• NunesNunes September 2009

    My thoughts:
    Cash4Gold and similar organizations are telling me (and anyone else who listens to AM radio [yes I'm a masochist]) that we're about to go into an inflationary spiral, and that Gold will be the safest commodity to invest in for your future. This means to me that anybody who has Gold shares should sell them right away because the people who have the most gold are trying to do just that. I also think, as a corollary, that we will be entering a deflationary spiral, rather than an inflationary one.

    I'm just convinced that right wing radio and Cash4Gold are trying to make money from stupid people.

  • AlfyAlfy September 2009
    Red Vines rule.
  • NunesNunes September 2009
    QUOTE (Alfy @ Sep 9 2009, 04:01 PM) <{POST_SNAPBACK}>
    Red Vines rule.

    *Relevant* thoughts?
  • mungomungo September 2009
    Well, Andrew, we agree on something. Shocking, I know.

    Here's the case for inflation (really dumbed down, forgive me, but the very in depth version of this would take too long to explain, let alone type in some coherent fashion):

    US government prints money. Lots of money. See graphs. For all you nuts out there, data pulled from the St. Louis Fed and I made the graphs.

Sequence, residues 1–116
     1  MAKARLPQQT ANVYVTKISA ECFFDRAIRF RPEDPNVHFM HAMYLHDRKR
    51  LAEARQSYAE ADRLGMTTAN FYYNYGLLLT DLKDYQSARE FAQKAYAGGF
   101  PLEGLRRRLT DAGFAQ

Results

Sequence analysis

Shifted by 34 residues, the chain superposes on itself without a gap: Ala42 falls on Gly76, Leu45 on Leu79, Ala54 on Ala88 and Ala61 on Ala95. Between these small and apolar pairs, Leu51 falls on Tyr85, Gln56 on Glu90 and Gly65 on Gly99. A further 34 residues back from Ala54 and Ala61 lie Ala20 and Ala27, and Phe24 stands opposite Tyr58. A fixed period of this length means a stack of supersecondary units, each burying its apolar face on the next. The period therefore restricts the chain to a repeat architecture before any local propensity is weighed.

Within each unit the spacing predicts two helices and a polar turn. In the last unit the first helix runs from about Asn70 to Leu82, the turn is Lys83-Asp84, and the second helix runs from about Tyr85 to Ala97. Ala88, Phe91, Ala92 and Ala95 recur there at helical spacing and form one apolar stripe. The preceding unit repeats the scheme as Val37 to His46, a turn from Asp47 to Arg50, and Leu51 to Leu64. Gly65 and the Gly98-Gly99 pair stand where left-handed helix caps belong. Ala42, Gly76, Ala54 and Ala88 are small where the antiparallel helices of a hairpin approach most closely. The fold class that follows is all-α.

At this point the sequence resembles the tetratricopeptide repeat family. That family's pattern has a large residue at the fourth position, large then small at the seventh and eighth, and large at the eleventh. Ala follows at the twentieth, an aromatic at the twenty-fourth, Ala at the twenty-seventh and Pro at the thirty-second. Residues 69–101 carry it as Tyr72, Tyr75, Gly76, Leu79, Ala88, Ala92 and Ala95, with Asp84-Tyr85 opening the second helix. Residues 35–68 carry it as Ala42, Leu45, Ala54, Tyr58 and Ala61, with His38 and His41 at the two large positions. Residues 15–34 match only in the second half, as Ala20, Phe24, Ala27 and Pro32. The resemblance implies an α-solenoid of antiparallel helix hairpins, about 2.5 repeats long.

What does this mean? Well, when you print money you devalue it, just like any other standard supply/demand relationship. How does this relate to gold? Well, commodities usually have an inverse relationship with the dollar, so if the dollar continues to drop in price, commodities tend to go up. The reason is that when people don't want to hold the dollar, they rush into something physical i.e. oil, gold, copper, etc. There are more reasons why commodities fluctuate in price, but this is a fairly standard rule of thumb.

    What I think:

    The economy is in shambles. Consumer saving keeps rising, and consumer spending isn't rising fast enough. Ontop of this, in order to have inflation current prices need to rise. Do you want to spend $8 on a gallon of milk? The money is already out there, and in order to have successful inflation you, the consumer, must be willing to spend $8 on milk. Or whatever your example is, you need to be willing to pay more than you currently are paying now. This will never (in my opinion) happen. At least, not now. So what are our other options? Disflation (what we're currently in) which may or may not lead to deflation. Disflation is a decrease in inflation rates (ex when the inflation decreases, but still remains positive) while deflation is when the inflation rate turns negative. We haven't seen deflation on a Y/Y basis for over 60 years (I think, feel free to check this) and it almost always is because of a rising value of the dollar, not the other way around. Deflation comes with slowed production because rates for corporations rise, which lead to higher prices for goods, which, once again, brings us to the horrible paradox that is our economy.
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